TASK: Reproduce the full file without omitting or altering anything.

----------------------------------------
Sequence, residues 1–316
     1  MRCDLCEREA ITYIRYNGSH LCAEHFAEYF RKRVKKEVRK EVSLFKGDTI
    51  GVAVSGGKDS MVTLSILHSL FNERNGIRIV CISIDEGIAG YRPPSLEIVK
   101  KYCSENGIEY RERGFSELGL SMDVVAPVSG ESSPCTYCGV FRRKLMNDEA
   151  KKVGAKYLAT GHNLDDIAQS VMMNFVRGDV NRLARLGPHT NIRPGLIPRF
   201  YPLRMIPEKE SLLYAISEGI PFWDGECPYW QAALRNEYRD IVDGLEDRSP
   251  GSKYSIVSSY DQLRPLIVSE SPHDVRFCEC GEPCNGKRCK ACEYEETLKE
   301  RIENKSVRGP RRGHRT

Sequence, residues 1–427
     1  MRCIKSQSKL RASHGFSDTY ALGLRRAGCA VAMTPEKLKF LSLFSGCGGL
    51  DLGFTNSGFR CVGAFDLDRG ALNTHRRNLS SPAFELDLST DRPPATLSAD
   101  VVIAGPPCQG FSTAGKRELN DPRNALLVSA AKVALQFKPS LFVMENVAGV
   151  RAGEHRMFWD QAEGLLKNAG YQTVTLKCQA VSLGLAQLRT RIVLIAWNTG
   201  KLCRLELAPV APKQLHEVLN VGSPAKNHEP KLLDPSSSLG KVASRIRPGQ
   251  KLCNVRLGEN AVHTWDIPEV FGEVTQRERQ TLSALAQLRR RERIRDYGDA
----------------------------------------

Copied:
Sequence, residues 1–316
     1  MRCDLCEREA ITYIRYNGSH LCAEHFAEYF RKRVKKEVRK EVSLFKGDTI
    51  GVAVSGGKDS MVTLSILHSL FNERNGIRIV CISIDEGIAG YRPPSLEIVK
   101  KYCSENGIEY RERGFSELGL SMDVVAPVSG ESSPCTYCGV FRRKLMNDEA
   151  KKVGAKYLAT GHNLDDIAQS VMMNFVRGDV NRLARLGPHT NIRPGLIPRF
   201  YPLRMIPEKE SLLYAISEGI PFWDGECPYW QAALRNEYRD IVDGLEDRSP
   251  GSKYSIVSSY DQLRPLIVSE SPHDVRFCEC GEPCNGKRCK ACEYEETLKE
   301  RIENKSVRGP RRGHRT

Sequence, residues 1–427
     1  MRCIKSQSKL RASHGFSDTY ALGLRRAGCA VAMTPEKLKF LSLFSGCGGL
    51  DLGFTNSGFR CVGAFDLDRG ALNTHRRNLS SPAFELDLST DRPPATLSAD
   101  VVIAGPPCQG FSTAGKRELN DPRNALLVSA AKVALQFKPS LFVMENVAGV
   151  RAGEHRMFWD QAEGLLKNAG YQTVTLKCQA VSLGLAQLRT RIVLIAWNTG
   201  KLCRLELAPV APKQLHEVLN VGSPAKNHEP KLLDPSSSLG KVASRIRPGQ
   251  KLCNVRLGEN AVHTWDIPEV FGEVTQRERQ TLSALAQLRR RERIRDYGDA